By Christopher George
July 22, 2016
Editors’ note: As we were preparing to publish our piece updating you on what happened at the court hearing in Texas involving Dr. Jeffrey Brown regarding USADA’s investigation into the Nike Oregon Project (What’s Going On With US Anti-Doping’s Investigation of Alberto Salzar’s Nike Oregon Project? Documents and Audio From Latest Court Hearing Offer Lens Inside The Investigation), we reached out to attorney Christopher George for his thoughts on the legal developments. Here are his 5 takeaways on the hearing.
1. USADA’s Powers are VERY Limited and Conferred by Congress
Pursuant to 21 U.S.C. § 2001(b)(2), USADA shall “ensure that athletes participating in amateur athletic activities recognized by the United States Olympic Committee are prevented from using performance-enhancing drugs or prohibited performance-enhancing methods adopted by the Agency”
USADA is not a governmental entity. It is a non-profit organization tasked with testing and ensuring that athletes competing in various international competitions (Olympics, IAAF competitions, etc…) are doing so free of any illegal performance enhancing drugs.
As such, USADA does not have subpoena power. It cannot compel any witnesses to appear in an investigation into wrongdoing. It cannot force documents to be produced. It merely tests athletes to confirm they are clean. It investigates any rumors of doping, again to ensure that athletes are clean. Doping/taking PEDs is not against the law, so this is to ensure that the US is sending clean athletes to its international competitions.
2. The Texas Rule 202 Request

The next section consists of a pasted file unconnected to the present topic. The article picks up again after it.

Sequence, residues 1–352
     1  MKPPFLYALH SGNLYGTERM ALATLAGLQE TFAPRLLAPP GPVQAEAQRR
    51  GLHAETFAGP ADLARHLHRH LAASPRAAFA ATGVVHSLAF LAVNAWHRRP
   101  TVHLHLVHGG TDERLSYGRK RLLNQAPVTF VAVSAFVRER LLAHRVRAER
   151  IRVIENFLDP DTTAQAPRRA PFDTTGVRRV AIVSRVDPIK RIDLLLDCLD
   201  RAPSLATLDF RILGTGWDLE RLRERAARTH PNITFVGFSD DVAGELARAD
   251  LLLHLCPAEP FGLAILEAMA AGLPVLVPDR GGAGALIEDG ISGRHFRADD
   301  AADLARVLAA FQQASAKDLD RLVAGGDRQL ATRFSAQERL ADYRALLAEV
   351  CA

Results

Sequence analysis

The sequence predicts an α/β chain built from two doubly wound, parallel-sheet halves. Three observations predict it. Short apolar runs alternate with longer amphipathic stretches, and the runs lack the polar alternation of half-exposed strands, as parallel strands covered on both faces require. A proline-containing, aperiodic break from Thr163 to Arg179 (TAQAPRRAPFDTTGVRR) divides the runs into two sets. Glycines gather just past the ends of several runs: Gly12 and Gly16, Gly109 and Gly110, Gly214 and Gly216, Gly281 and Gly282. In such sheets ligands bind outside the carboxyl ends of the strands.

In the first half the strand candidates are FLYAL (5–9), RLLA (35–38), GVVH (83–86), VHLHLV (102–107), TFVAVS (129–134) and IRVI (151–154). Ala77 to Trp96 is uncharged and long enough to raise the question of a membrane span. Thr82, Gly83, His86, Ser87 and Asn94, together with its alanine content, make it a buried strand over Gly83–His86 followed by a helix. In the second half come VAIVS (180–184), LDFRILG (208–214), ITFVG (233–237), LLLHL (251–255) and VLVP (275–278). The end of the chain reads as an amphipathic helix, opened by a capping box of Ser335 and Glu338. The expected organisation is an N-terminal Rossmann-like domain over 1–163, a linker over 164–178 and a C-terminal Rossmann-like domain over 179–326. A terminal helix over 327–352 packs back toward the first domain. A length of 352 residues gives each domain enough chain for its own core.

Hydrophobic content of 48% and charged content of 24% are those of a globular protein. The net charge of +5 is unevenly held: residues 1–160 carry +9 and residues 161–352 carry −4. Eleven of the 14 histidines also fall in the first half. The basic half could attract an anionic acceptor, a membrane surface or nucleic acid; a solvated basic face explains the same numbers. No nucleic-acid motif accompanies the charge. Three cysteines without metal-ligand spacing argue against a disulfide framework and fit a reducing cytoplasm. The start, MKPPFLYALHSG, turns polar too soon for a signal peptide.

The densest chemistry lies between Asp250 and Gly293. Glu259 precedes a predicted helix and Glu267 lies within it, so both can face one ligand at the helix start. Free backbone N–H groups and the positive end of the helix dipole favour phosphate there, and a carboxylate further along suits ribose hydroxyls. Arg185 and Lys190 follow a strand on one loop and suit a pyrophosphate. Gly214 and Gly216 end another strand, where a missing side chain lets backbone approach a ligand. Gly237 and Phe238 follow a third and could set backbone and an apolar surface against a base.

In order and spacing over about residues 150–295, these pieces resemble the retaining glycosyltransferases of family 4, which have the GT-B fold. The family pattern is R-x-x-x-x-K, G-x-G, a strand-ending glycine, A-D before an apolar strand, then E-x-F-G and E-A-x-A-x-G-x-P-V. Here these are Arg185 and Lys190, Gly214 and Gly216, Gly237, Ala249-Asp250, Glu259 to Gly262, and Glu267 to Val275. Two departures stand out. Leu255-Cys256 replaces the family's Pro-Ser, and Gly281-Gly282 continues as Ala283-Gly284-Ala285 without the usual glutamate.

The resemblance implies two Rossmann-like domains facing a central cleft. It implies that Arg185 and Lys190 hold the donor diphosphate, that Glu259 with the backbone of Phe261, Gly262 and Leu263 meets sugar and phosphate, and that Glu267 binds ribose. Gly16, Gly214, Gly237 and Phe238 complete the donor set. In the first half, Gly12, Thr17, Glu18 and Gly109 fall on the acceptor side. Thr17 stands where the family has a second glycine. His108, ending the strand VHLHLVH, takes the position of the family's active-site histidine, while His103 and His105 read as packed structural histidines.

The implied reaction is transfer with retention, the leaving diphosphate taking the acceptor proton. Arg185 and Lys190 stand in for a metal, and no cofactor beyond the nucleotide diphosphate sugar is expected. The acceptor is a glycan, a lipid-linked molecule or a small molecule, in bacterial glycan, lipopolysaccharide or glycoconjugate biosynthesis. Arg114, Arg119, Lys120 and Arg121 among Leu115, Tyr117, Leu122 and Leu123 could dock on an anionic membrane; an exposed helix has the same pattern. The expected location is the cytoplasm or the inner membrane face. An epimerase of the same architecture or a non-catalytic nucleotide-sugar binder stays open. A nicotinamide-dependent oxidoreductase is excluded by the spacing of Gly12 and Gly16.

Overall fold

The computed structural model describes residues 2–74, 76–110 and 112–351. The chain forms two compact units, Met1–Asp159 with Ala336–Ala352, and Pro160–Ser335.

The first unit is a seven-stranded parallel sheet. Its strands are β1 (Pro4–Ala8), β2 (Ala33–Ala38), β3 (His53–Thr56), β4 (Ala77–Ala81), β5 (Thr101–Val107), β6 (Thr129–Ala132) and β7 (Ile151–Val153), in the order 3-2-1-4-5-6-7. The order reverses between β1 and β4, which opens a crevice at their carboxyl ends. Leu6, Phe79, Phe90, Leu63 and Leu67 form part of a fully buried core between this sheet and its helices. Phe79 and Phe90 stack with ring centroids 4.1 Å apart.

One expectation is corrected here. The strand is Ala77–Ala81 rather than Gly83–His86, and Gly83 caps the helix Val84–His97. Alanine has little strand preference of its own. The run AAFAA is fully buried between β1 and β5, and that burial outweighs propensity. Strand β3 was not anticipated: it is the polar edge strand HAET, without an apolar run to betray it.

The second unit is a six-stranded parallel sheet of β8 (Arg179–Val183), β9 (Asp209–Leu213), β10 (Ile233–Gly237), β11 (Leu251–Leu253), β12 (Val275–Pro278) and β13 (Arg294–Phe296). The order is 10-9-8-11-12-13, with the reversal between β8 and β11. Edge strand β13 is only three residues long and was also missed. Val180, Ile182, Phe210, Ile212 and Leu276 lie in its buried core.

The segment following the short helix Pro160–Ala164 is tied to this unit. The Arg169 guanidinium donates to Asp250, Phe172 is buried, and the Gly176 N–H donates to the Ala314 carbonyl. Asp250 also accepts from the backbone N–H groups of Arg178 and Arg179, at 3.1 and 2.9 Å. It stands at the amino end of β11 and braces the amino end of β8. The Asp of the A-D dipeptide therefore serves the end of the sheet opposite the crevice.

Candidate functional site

The Houston doctor refused to cooperate with USADA’s investigators. He would not answer any questions or produce documents voluntarily. Bearing in mind the lack of subpoena power, USADA tried to circumvent its limitations by filing a Rule 202 request in Texas against a Texas-based doctor. The Judge in the Texas State Court realized this and saw that USADA was not going to be filing any lawsuit against the doctor, or anyone for that matter in the Texas state court. USADA is merely out to investigate any potential violations of the doping codes. At best, there may be an arbitration.
The Judge denied the petition and it is highly unlikely that any appeals court would overturn that decision.
3. Next Steps for USADA
USADA will have to continue to investigate by speaking to other witnesses who are willing to cooperate, reviewing medical records of those who are willing to have them released, and hope for a governmental body with the powers of subpoena to get involved. This can only happen if there are federal crimes or civil matters which can be pursued. Again, as above, taking PEDs is not illegal. But perhaps a distribution ring, any kind of tax or other fraud, could be used as grounds to open a federal investigation. Based on that, the prosecutors could try to get the doctor’s medical records … but even then, it is not an automatic that they could compel a doctor’s testimony without more. The Federal Rules of Civil Procedure regarding discovery have recently changed and as a defense attorney, I view them as being slightly more restrictive in what will be permitted for discovery.